• due to technological limitations (heat disapation, power consumption) that will cause its demise.

    *rolls eyes*
  • death of TCP/IP (Score:4, Insightful)

    by peter303 (12292) on Monday September 13, 2004 @10:37AM (#10235464)
    The ethernet (and mostly internet) protocol was predicted to die 30 years ago. People offered alternatives like ATM and MicroSofts early 90s protocol (failed attempted hijacking of the Net), but none really caught. A mediocre standard used by billions of computers perseveres.
  • It will never happen (Score:3, Interesting)

    by Cokelee (585232) on Monday September 13, 2004 @11:42AM (#10236153)

    The entire idea is asinine. To paraphrase who many simply call the inventor:

    The Internet will never be controlled by a single company or a group of companies; Any company that tries to control it will fail.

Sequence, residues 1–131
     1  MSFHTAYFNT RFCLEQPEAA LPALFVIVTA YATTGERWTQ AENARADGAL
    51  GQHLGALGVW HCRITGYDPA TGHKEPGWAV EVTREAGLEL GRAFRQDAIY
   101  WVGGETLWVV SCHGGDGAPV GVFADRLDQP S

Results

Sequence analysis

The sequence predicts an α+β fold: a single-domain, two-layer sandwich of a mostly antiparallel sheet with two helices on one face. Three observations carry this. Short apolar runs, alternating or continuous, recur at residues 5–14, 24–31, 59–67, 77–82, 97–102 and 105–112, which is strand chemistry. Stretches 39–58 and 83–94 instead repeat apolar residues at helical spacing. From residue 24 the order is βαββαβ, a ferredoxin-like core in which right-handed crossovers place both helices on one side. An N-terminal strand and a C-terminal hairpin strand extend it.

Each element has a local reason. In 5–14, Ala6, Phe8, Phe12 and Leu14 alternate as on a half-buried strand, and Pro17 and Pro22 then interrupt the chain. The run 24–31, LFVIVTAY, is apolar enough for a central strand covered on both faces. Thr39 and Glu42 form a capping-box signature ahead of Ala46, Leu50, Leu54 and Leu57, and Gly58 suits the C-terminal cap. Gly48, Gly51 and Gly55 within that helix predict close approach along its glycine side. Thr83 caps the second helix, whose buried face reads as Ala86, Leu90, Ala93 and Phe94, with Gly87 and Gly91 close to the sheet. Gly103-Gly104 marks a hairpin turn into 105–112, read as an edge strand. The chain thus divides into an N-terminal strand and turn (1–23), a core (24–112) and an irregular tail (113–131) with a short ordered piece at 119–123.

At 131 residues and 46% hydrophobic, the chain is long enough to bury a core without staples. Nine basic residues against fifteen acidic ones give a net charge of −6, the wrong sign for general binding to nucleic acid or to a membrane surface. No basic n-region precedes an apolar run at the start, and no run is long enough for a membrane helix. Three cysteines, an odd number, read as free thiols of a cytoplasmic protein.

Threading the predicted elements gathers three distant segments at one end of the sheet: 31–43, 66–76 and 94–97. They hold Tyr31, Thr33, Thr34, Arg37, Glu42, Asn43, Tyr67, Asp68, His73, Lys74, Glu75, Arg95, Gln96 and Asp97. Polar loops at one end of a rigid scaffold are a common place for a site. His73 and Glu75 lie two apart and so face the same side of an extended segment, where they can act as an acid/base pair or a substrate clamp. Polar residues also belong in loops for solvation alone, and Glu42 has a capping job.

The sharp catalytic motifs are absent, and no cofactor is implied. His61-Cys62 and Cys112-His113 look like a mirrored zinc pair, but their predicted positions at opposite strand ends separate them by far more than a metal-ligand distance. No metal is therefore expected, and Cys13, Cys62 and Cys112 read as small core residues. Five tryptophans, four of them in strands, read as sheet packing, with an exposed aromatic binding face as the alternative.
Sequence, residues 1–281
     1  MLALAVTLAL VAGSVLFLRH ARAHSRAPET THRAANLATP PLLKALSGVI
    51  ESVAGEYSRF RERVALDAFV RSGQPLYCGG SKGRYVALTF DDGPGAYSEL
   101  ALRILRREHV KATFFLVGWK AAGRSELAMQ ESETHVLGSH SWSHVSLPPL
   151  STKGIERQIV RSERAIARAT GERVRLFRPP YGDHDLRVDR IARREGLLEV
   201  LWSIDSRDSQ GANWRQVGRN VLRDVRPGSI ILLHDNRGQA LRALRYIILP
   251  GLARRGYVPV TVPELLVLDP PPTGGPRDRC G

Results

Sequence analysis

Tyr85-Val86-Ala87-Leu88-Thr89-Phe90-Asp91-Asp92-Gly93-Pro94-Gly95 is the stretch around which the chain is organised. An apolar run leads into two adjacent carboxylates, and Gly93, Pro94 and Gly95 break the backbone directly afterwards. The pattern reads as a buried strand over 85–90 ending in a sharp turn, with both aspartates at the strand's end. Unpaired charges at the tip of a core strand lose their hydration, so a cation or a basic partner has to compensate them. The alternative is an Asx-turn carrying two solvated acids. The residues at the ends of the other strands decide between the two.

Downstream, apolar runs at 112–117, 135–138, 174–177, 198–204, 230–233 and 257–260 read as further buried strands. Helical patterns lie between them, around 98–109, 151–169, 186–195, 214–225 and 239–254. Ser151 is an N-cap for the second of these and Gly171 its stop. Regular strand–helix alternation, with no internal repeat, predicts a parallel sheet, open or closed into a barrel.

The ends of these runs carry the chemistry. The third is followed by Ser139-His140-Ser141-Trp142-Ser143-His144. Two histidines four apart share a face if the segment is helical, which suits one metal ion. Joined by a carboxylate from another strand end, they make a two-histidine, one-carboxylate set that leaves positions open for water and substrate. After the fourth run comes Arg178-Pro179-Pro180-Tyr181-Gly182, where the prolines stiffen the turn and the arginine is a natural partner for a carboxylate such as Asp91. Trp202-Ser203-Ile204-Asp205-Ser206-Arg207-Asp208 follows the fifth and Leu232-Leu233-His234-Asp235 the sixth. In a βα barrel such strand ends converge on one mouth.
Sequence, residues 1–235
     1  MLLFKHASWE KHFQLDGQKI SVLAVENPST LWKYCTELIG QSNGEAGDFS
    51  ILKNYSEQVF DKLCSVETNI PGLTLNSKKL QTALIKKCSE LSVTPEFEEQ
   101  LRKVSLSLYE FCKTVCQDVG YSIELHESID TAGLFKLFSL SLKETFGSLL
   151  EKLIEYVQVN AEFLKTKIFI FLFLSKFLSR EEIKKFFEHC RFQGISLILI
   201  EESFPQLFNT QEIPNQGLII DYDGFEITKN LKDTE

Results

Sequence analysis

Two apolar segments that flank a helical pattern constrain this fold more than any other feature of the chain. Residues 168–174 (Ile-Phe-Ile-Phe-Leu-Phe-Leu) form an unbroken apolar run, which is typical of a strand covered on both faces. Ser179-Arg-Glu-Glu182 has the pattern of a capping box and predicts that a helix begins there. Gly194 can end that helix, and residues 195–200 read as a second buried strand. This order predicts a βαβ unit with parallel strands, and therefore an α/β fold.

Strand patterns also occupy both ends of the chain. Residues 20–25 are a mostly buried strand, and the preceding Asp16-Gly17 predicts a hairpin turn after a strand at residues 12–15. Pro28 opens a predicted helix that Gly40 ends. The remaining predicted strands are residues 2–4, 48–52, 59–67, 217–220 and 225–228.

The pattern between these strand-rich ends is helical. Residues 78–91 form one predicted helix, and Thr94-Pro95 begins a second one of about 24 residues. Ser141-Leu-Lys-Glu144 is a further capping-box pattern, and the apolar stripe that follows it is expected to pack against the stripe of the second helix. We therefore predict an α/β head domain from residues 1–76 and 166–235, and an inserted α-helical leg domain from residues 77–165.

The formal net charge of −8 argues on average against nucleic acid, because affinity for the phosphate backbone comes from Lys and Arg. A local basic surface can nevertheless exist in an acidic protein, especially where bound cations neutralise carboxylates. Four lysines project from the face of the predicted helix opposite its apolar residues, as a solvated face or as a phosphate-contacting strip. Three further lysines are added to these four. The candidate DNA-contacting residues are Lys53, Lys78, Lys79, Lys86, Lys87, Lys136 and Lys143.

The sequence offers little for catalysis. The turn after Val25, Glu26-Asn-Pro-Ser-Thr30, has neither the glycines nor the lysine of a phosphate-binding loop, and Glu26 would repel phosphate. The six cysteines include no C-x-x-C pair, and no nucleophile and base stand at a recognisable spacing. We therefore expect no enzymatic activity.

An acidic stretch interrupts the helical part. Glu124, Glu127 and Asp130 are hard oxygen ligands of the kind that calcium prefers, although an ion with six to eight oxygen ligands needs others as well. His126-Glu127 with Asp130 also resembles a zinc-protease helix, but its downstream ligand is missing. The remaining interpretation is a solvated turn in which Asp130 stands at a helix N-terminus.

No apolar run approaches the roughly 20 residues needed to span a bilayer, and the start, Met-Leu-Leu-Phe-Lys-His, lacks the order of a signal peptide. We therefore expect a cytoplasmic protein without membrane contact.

-- Sir Tim Berners-Lee
  • Better ideas? (Score:2, Insightful)

    by HotGarbage (806745)
    I was wondering.. Now, I understand that Intel is trying to drum up some business. Ok, fine..but I also understand that there is a natural progression to evrything, and without getting into religion, there is an evolution to things as well. That being said, was not a major part of the history of the Internet the direct result of a collaboration of Digital, Intel and Xerox (DIX)? If so, (and I could be confusing my facts here), but does it not make sense that such a collaboration be necessary to evolve the I
  • I was there (Score:3, Interesting)

    by Groo Wanderer (180806) <charlie@NoSPaM.semiaccurate.com> on Monday September 13, 2004 @12:10PM (#10236416) Homepage
    I was at the IDF Keynote, and I bounced some questions off Gelsinger afterwards. There are two problems with this that make it a non-starter in my opinion.

    First, they are talking about layering another level of obfuscation on top of the net as a fix for the underlying problems. Rather than dealing with the problems, they ignore them, and make a shiny thing. Wow, that's architecture for you!